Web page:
Give a speech. It should be a short response to the preceding 75-minute address, which you watched in real-time, knowing almost nothing about its contents beforehand. The entire nation will watch, or at least those who haven’t switched back to college basketball. Don’t mess it up, or it could wreck your career.
That was first-term Sen. Marco Rubio’s job on Tuesday, as he delivered the GOP response to President Barack Obama’s State of the Union Address. It’s a near-impossible task.
The response to the State of the Union Address began first in 1966, and has been an annual tradition since 1982. The Constitution does not require the president to make the report as a speech, and in 1801 President Thomas Jefferson decided he would just submit a report in writing instead. A clerk read it to Congress. And while it’s hard to imagine that happening in today’s politics, the event has some flexibility to it, and the opposing party should feel less constrained by the response format.
It’s a Godzilla vs. Bambi matchup. The president has a captive audience in the palatial House chamber. He dictates the message, and even his political opponents clap. When he’s done waxing poetic about high-speed rail, the television networks cut to the response — and there’s Rubio coming to you live from — wait, where is he? He’s alone in a dimly lit room without a podium and you’re half-expecting him to hold up today’s New York Times and tell you he’s trapped in a hostage situation. Perhaps he’d prefer that. Instead, he has to attack everything the president just said without looking like a gloomy jerk from what could be a bunker or his mom’s basement.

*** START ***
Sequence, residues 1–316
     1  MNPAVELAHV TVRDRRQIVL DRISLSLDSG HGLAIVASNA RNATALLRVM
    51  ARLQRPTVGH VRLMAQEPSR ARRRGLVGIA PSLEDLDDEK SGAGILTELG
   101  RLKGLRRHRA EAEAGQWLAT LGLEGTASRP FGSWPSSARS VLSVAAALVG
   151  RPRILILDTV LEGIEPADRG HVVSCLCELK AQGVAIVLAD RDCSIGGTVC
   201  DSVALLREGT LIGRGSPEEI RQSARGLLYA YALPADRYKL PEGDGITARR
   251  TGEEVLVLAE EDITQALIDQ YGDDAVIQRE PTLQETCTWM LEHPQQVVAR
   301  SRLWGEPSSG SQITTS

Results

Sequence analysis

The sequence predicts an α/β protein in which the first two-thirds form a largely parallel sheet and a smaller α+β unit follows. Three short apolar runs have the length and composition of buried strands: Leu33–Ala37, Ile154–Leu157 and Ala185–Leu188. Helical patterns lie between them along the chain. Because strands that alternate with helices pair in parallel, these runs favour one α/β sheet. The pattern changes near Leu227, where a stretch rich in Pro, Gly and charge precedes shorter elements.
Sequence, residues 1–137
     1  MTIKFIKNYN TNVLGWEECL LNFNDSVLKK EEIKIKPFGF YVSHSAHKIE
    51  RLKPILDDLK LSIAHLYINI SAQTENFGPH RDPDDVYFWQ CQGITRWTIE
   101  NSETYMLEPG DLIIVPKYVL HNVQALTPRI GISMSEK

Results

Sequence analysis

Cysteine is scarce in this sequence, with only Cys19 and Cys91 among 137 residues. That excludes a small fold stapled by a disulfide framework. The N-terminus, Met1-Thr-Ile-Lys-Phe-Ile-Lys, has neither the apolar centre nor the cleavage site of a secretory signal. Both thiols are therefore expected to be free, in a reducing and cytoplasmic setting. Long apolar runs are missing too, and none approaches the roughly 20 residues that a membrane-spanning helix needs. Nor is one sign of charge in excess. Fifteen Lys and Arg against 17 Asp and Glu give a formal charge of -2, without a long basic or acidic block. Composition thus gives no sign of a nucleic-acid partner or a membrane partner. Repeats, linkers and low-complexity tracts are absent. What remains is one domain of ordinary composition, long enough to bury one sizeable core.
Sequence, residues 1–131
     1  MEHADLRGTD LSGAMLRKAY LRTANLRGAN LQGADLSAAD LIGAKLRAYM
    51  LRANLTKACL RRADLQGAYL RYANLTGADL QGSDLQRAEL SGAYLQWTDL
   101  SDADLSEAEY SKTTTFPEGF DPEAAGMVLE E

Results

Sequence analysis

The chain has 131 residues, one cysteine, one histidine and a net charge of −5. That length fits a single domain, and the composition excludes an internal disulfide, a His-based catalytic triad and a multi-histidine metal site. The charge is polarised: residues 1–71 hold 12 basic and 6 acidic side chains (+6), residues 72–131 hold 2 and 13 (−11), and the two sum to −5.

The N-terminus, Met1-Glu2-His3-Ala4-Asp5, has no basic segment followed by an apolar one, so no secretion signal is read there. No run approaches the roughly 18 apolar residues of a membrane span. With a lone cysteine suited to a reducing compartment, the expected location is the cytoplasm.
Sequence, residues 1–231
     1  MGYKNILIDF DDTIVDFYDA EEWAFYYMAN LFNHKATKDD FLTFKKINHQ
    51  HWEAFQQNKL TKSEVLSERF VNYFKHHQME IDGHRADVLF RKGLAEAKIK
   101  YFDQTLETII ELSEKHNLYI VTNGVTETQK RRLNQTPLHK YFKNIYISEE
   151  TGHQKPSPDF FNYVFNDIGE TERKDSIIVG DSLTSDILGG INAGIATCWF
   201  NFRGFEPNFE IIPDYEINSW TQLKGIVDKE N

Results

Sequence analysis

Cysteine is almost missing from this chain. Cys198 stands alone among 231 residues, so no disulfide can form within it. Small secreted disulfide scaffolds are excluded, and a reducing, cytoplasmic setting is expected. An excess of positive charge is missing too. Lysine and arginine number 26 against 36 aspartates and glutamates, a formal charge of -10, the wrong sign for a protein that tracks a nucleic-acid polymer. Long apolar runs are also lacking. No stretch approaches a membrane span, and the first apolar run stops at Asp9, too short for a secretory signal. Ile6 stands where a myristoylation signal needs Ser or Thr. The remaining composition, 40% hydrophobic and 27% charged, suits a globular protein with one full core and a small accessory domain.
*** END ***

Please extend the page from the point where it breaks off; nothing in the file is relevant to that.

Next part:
Afterward, the Tea Party delivers its State of the Union Response. Sen. Rand Paul gets to disparage both Rubio and Obama. For a party often criticized for its disunity, two speeches from the same side of the aisle sure seems like a boneheaded idea.
Rubio fared extraordinarily well, though almost no one called it his best speech. The most memorable moment, immortalized now in slow motion on YouTube, was his desperate leftward lurch to a Poland Springs water bottle to alleviate his dry throat. Few have forgotten Gov. Bobby Jindal’s poor performance in 2009, and few remember Gov. Mitch Daniels’ from last year. The format deserves some blame.
Ditching the response would have political ramifications. But maybe the Republicans should do the unthinkable — channel their inner Jefferson — and find a better, simpler way to communicate their message.